by the way, good to meet you, Katarina. So there’s a whole discernment process that I go through when you have enough conversations to see who might be open to how you show up in this world. And I don’t want to anybody to think that I’m going into every conversation asking myself is this somebody who could pay for one of my products or services, because I genuinely have no strings attached, I just know that ultimately there are going to be if I connect with enough people, because of who I am, and the products and services that I offer, I’ll know when my ideal target customer jumps out at me. And I tend to attract that audience. So to give you guys an idea, I think the first thing to know is, who is your target audience who is it that is served well by your paid products and services. And I can tell you that mine are primarily online entrepreneurs, somebody who is either stuck in a soul sucking day job that they hate and despise and consider to be a distraction from what they really like to do in this world. While they have started a little side hobby, something or other on the side, whether it’s through a podcast or through some other social media platforms, or just a blog, or whatever the case may be, they’re trying to make ends meet financially to get that to pay for itself and to see a little return on investment. And their deepest desire is to be able to generate enough income from that passion, that thing that they would love to do all day long that they’d be willing to do it for free, they have a strong desire to turn that into a full time income, so that they could leave the day job and just go do what they feel most called to do in this world. So that encompasses a very large amount of people on this planet. A secondary thing that I know that I serve are people who have made the leap, whether that is intentionally or unintentionally, a lot of people get so sucked up into their side business, that they allowed things to really go lacking in the day job, and they might have let go a little earlier than they had anticipated or desired. And now they are fighting, do I go all in and find a way to make this thing make more money? Or do I go find another job to pay their bills, while I continue to grow this thing. And then of course, I have a very special heart for people who want to be paid professional life and transformation in business coaches, because that’s who I am. And so that’s a third audience. And now because of that, here’s what I can say, pretty much most people who are into podcasting, they’re creating a podcast, because they fit in one, if not all three of those categories. And so that, for me, was just a total thing that fell into my lap. It’s like, oh, my gosh, this is just cueing me up for exactly who I most serve, it’s been so much of my own experience I can bring to the table. So knowing my audience, knowing who I can serve, it’s just real quickly, all of a sudden, somebody comes into one of my rooms, or if I’m in a conversation in a room and somebody says, Hey, I am really struggling, because I can’t figure out this and if that happens to be something that fits exactly what I help people solve. So for example, I love it when somebody says, I just can’t see how I could make a living doing what it is that I love to do full time. And I say, Well, how much would you need to generate? And they say, well, about $10,000 a month would cover all of my expenses, and I believe the day job, well, how much are you making from it now? About three to $700 a month. And then what I will do is I’ll just ask them a couple of questions. And what happens? This is where the discernment comes in. I’ll ask them a couple of questions. Have you ever thought about doing this? Now somebody who would make a great client for me say, oh, my gosh, I never thought about that. That would? Yeah, wow, I could, oh, my gosh. And then I’ll say, Well, no, wait, have you ever thought about this? Oh, my gosh, I could do that, too. And so then that kind of tells me okay, this is somebody’s coachable. This is somebody who can hear an insight from outside of the bottle that they’re in, they can see somebody who’s reading the label from the outside. But where I get the discernment of this is not the client that I’m looking for, which is the reference to Star Wars when they go these are not the droids you’re looking for. But I get that little inner voice that says this is not the client you were looking for, is when I say Have you ever thought about doing Oh, no, that won’t work. I’m sorry, Cliff, but my audience, they don’t have any money. And I said, Well, have you ever asked one of those people to pay you money? Oh, no. And I wouldn’t ever ask them to pay you. Usually, I might have actually asked a second or a third question. But generally I know right then and there. This is somebody who is not going to be a paid client of mine. They’re already convinced in their mind that their limitations are real, and nobody can help them overcome them. And so anybody that wants to argue to keep their limitations, who am I to take them away from? So Caterina, does that help you understand? I don’t know if I clearly answered your question. But that’s what happens for me. Now, I will serve anyone, I will encourage anyone, I will even try to convince that person to give up that limiting belief in a conversation for 3040 50 minutes. But if at the end of it, I find myself my energy has been depleted, and they walk away full of energy. I know that that’s not the client for me because my clients are life giving to me. Is that helpful?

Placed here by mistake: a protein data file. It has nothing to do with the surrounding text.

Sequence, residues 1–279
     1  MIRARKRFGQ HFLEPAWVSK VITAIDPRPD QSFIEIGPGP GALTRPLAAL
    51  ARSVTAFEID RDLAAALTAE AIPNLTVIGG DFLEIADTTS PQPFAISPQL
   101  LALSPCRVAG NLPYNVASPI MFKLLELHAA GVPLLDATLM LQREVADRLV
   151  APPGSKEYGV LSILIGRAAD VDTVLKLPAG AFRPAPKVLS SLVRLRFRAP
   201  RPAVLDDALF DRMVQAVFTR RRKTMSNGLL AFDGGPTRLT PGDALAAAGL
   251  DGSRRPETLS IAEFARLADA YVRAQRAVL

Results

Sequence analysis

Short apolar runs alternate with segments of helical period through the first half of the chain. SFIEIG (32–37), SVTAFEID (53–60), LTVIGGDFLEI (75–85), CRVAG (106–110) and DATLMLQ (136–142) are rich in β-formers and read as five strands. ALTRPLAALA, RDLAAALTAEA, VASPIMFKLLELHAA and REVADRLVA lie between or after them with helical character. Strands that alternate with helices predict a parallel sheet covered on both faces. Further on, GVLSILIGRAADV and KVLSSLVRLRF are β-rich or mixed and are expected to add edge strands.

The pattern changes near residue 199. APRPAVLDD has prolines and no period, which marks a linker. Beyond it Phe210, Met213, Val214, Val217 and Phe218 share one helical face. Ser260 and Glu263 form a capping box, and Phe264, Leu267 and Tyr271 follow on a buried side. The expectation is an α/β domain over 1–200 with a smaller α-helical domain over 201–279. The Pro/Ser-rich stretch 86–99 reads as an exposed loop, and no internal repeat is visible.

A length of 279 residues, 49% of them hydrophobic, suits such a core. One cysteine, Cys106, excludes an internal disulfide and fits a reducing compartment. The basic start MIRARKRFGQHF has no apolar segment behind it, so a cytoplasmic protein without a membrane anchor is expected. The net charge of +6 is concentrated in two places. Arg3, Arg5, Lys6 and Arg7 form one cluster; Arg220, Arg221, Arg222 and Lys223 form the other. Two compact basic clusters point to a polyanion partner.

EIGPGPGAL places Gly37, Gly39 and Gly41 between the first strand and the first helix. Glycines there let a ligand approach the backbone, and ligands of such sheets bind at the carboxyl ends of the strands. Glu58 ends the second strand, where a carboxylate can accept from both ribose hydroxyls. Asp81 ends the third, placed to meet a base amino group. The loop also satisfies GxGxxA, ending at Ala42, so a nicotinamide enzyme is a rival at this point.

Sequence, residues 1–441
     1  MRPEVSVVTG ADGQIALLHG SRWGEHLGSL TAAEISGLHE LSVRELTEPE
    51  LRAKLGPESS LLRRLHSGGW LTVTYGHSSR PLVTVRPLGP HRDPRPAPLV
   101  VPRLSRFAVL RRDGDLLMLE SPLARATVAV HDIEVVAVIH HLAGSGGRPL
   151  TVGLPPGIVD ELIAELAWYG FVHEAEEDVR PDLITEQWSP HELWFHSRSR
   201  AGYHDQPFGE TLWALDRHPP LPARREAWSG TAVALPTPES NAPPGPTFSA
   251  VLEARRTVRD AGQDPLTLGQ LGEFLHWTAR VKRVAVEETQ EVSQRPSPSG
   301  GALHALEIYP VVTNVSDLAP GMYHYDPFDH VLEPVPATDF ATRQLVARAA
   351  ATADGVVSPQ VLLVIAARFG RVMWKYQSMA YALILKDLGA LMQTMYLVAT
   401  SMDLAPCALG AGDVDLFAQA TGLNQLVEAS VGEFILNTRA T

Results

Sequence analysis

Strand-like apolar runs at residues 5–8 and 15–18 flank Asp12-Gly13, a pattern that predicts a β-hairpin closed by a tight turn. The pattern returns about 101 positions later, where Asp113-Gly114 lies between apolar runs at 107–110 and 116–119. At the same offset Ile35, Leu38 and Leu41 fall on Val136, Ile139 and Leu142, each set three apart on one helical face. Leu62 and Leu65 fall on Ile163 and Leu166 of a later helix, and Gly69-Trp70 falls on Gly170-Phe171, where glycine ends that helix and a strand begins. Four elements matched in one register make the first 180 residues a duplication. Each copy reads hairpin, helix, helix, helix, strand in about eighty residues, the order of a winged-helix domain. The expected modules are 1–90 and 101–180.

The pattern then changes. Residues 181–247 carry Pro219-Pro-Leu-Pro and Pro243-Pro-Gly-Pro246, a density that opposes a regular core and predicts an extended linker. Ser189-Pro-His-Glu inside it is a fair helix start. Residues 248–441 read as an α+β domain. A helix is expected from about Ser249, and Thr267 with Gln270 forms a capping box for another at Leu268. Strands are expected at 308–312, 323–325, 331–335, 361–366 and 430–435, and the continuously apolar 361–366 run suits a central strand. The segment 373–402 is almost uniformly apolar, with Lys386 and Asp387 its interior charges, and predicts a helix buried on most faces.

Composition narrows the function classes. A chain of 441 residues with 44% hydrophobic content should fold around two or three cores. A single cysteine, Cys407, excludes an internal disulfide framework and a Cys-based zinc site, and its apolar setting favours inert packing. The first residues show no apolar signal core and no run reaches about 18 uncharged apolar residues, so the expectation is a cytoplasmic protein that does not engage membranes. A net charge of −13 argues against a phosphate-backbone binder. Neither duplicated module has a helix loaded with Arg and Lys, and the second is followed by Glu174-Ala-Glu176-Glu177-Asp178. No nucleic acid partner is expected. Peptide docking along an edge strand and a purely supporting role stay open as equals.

Catharina Joubert 14:46